Of all the fashion complaints I hear one stands out: “Whatever happened to clothes in natural fibers?”
I hear you. And apparently, many design houses and startups have heard you too. The demand for natural fiber clothing has spawned a burgeoning sector of the fashion industry. Practically every week a new brand pops up.
Aside from the comfort level of natural textiles, the rapid growth of this sector is due to our growing awareness that the fashion industry is responsible for a significant amount of pollution. Clothing production requires enormous amounts of water and uses many toxic dyes and chemicals.
Companies offering alternatives to current manufacturing processes self-categorize as: “conscious”, “sustainable”, “eco-friendly”, “ethical”, “fair trade,” etc. Now, as far as fashion goes, those labels aren’t terribly sexy sounding (unless you’re a 100% “Natural” style essence.) And frankly a lot of these companies produce some pretty dumpy looking clothes. (Sorry, but it’s true.)
The successful ones adhere to some fashion principles. That means there is some shape to their clothing (even if that shape is geometric or architectural) a more sophisticated color palette, and a willingness to be artistic instead of just utilitarian. So we’re going to look at some that have some fashion cred, are made from natural fibers, and are mostly affordable.
Eileen Fisher was the first to ignite our conscience about natural, sustainable clothing. Affordable? Well, you’re not going to find bargains here unless you shop their sales or at one of their outlets. Still I had to include them. $$-$$$
Everlane remains at the top of my list for newer entrants in the field. Their website shows their actual production costs which explains how many of these companies are able to offer high-quality natural fiber clothing at low to moderate prices. (Clue: there’s no middleman.) Like Eileen Fisher, the style is fairly classic and minimalist with a slightly youthful touch. I haven’t found silk at their quality and price anywhere comparable. $-$$
Grana rivals Everlane both in style and price point. Their cashmere is a steal at the regular price and when on sale is worth buying multiples. They are known for their charmeuse silk camisoles and tees. $-$$
Another newbie is Amour Vert: “For every tee (you buy) we plant a tree.” Like many of these companies, all their clothing is manufactured in limited editions to avoid waste. Almost everything here is either silk, beechwood or organic cotton. Their items are a little more hip and you’ll find Classic, Romantic, Youthful and a bit of High Spirited style here plus prints. $-$$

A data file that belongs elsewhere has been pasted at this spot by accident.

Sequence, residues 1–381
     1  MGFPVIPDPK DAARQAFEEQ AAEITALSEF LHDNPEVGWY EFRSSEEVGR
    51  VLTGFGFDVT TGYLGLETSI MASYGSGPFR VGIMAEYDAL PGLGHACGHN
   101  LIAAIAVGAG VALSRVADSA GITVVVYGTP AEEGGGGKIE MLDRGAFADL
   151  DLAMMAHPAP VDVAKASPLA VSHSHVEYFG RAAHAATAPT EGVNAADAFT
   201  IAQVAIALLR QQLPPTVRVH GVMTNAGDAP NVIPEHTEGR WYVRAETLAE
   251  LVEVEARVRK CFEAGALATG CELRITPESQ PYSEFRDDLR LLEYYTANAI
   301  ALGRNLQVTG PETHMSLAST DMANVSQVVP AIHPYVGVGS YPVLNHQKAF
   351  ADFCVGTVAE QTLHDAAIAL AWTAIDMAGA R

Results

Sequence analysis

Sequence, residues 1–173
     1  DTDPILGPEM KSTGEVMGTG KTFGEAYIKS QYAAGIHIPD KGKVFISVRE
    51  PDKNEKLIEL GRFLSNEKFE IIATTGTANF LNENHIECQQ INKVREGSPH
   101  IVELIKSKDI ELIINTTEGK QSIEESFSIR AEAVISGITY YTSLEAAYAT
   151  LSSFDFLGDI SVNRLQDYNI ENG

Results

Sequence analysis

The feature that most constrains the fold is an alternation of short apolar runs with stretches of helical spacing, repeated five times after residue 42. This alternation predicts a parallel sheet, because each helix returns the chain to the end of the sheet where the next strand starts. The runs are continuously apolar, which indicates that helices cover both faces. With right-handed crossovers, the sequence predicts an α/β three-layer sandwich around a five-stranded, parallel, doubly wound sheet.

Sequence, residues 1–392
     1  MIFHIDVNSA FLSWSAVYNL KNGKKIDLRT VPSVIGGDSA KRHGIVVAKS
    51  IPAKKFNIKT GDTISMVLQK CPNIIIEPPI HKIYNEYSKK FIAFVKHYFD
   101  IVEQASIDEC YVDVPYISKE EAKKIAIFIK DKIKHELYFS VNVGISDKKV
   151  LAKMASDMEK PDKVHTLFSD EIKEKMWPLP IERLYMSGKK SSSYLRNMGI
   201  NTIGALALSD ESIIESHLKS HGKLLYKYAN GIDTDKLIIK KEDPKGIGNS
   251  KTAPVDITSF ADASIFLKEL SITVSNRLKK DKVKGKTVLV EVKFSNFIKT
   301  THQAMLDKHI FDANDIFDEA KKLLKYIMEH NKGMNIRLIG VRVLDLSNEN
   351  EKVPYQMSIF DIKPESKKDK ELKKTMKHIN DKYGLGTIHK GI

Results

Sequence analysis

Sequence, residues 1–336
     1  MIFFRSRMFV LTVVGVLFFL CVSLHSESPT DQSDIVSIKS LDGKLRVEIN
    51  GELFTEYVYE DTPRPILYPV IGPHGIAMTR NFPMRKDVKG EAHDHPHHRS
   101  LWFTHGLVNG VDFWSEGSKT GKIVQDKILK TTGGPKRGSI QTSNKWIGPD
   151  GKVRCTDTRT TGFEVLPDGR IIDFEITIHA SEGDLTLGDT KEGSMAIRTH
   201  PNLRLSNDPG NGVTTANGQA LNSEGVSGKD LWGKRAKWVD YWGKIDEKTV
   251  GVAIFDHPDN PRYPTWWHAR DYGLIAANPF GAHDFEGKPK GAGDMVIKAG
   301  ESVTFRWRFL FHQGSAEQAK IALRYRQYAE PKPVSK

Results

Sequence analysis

Speaking of prints, if you like the ethnic/shibui flavor there is an LA design house called Matter. They are artisan-based and work with rural craftspersons in India. Although their offerings are limited, some are quite beautiful and pretty interesting in structure. $-$$
One of my very favorites is KOTN, and guess what all their clothes are made from! Their tees, turtlenecks and henleys are beautifully made and refined looking and some of their dresses are downright sexy! That’s no easy task for all-cotton knit. $
Tradlands is a company that produces women’s staples based on menswear design, so that translates as fairly Classic and Natural shirts in some nice oxford cloth, flannel and denim plus knitwear and slacks. $-$$
True to the name, Indigenous employs about 1000 artisans, mostly from South America, and every piece is hand made. That ratchets up the costs, of course, but at least they offer some interesting designs, like this fine alpaca and silk top. $$-$$$
Raven and Lily has a lot of interesting accessories as well as fashion and they source their items from artisans in Africa, India, Malaysia and Peru. They have a small selection of some interesting, fashionable jackets, tops and dresses. $-$$
Eco Fashion Talk is a website devoted to the entire natural fiber and ecologically conscious fashion industry with regular updates and articles about new designers in the field.
Now, of course you can still find natural textiles in just about any department store, boutique and online. You just have to pay attention to labels and descriptions. But these are some good places to start. And if you have more resources, I’d love to hear from you. I’m always interested in learning of new brands.
Here’s to the ecological you!
[When you see links on my page, occasionally they will be from my affiliates for which I might receive a small commission.]
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